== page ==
Finally, for businesses with gross receipts of over $25 million, the net interest expense deduction will also now be limited to 30% of earnings before interest, taxes, depreciation and amortization.
100% Bonus Depreciation
Business owners have been able to deduct the cost of assets that they purchased for the business—up to 20%—with the TJCA, the amount has been increased to 100% in one year.
For example, let’s say this year, you buy a new $60,000 heavy SUV and use it 100% in your business. You can deduct the entire $60,000 in 2018 thanks to the new 100% first-year bonus depreciation break. If you only use the vehicle 60% for business, your first-year bonus depreciation deduction is $36,000 (60% x $60,000)
If you instead buy a used $45,000 heavy SUV, pickup, or van, you can still deduct the entire cost in 2018 thanks to the 100% first-year bonus depreciation break — which is allowed for both new and used vehicles. If you only use the vehicle 60% for business, your first-year bonus depreciation deduction is $27,000 (60% x $45,000).
Real Estate Investment Trusts (REITs) are treated quite favorably under the TCJA. Important changes that affect REITs specifically are:
- Ordinary REIT dividends (i.e., dividends that are not declared as capital gain dividends or qualified dividend income) are entitled to the 20% pass-through deduction discussed above. However, these REIT dividends are not subject to the wage/capital limitation.
- REITs, as corporate taxpayers, are subject to tax at corporate rates on any income they do not distribute in a tax year to their shareholders. Accordingly, REITs that do not distribute 100% of their taxable income in any year will be taxed as the new lower corporate tax rate of 21% on any undistributed income.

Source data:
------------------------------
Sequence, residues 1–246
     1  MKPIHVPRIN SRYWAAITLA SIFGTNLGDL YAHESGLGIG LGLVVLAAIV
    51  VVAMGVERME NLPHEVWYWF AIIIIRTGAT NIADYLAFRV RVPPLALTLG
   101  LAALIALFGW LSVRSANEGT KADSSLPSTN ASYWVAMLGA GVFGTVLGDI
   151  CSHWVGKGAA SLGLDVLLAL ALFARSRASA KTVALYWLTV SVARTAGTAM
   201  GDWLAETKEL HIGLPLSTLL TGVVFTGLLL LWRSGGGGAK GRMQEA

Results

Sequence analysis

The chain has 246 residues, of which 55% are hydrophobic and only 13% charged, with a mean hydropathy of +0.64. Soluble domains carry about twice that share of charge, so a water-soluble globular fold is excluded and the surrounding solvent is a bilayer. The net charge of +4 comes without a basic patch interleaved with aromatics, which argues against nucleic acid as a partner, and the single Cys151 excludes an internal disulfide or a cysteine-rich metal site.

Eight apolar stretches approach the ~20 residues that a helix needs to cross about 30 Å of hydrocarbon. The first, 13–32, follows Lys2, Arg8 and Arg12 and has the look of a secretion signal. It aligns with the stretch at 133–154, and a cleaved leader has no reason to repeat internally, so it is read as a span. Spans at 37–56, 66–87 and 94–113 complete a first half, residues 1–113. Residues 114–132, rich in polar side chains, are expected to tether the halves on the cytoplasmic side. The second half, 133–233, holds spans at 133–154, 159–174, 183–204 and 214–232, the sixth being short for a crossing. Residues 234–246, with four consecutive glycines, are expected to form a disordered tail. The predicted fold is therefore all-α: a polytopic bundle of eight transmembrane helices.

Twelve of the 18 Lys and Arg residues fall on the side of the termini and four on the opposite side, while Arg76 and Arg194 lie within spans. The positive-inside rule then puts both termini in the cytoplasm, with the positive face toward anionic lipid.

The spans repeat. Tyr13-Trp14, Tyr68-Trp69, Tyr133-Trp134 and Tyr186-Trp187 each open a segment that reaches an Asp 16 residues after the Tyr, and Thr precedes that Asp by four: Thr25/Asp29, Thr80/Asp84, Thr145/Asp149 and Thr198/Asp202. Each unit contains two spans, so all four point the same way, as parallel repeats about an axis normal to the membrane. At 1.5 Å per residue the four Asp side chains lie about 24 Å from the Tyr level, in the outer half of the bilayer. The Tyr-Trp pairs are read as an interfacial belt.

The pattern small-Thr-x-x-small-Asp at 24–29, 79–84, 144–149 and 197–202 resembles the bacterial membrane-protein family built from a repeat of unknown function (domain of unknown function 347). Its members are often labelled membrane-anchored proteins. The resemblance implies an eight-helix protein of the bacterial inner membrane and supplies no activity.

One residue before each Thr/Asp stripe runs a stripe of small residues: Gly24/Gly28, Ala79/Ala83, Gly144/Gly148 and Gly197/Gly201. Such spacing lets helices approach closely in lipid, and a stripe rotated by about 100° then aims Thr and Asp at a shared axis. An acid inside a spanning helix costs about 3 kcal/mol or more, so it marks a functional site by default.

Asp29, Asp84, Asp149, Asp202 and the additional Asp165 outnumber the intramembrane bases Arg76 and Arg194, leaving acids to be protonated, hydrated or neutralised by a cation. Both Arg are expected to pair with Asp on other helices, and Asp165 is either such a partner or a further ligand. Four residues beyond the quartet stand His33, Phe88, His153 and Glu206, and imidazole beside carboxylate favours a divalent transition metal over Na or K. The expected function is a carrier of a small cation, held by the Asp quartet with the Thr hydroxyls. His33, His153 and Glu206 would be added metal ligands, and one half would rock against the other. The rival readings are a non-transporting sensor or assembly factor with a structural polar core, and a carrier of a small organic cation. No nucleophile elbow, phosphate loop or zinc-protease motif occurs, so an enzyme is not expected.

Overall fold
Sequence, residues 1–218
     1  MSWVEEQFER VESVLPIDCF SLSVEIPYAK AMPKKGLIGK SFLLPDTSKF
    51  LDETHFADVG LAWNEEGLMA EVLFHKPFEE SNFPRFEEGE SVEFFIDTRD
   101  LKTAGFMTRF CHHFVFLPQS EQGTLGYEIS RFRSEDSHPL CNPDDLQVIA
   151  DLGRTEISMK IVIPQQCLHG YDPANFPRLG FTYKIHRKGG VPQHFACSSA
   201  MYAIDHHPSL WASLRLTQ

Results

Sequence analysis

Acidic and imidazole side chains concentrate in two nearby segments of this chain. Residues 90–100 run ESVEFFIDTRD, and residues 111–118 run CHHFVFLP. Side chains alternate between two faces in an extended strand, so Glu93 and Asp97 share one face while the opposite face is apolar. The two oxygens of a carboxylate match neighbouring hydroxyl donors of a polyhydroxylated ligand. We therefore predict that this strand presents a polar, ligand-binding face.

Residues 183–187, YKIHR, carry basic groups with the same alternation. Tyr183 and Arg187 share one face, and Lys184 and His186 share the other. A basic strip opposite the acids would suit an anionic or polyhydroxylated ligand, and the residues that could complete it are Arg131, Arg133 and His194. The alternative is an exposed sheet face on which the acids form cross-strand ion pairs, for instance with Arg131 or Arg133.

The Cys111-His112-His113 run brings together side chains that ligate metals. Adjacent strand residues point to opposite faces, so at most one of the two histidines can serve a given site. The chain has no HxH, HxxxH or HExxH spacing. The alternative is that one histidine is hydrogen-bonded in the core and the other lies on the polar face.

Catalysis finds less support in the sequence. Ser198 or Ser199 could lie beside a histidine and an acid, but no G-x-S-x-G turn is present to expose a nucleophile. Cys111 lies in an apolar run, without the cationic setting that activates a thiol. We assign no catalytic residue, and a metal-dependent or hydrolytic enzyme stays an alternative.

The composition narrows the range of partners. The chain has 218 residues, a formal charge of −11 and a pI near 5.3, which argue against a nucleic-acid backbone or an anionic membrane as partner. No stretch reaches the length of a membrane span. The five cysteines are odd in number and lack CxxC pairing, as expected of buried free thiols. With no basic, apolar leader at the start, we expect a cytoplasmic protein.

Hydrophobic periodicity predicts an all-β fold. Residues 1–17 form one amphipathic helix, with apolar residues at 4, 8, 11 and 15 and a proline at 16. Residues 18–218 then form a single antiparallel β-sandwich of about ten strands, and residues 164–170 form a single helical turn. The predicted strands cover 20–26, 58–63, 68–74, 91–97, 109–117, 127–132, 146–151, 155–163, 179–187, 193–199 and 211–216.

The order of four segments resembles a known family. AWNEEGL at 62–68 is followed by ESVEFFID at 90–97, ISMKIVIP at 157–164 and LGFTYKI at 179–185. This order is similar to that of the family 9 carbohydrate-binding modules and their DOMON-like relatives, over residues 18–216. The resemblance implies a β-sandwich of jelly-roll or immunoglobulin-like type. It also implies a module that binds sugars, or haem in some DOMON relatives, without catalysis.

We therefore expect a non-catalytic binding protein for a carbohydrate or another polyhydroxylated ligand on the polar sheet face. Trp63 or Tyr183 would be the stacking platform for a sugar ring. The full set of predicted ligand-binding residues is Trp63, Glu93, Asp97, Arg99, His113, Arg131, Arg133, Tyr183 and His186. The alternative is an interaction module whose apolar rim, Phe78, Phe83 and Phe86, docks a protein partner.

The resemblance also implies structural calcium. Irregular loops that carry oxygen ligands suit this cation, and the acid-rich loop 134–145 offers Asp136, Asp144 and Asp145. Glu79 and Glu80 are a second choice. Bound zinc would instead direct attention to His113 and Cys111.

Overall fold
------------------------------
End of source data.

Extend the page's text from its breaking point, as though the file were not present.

Real Estate as a Tax Shelter
A serious real estate investor should never have to pay tax on their cash flow or on the gain from the sale of their real estate. Plus, understand that rental real estate investments not only shelter cash flow from the real estate but can also shelter other income from taxes. With proper planning, rental real estate can create huge tax deductions for your business and salary income.
The key to building tax-free wealth in real estate is to continue buying more and more real estate and rolling your gains into like-kind properties through tax-free exchanges.
There’s a whole strategy around using exchanges and depreciation to pay no taxes, but I’ll leave that to the tax professionals like my Rich Dad Advisor, Tom Wheelwright, to explain.
While the long-term implications of this bill are yet to be seen, for now, many of the changes seem poised to directly benefit professional real estate investors — especially those who buy property under LLCs.
If you don’t yet have a business or aren’t investing, then it’s high time to start. Work with a knowledgeable tax advisor to build a strategy around deductions and tax law, to ensure you have getting every benefit you are entitled to.
Editor, Rich Dad Poor Dad Daily
– – – – –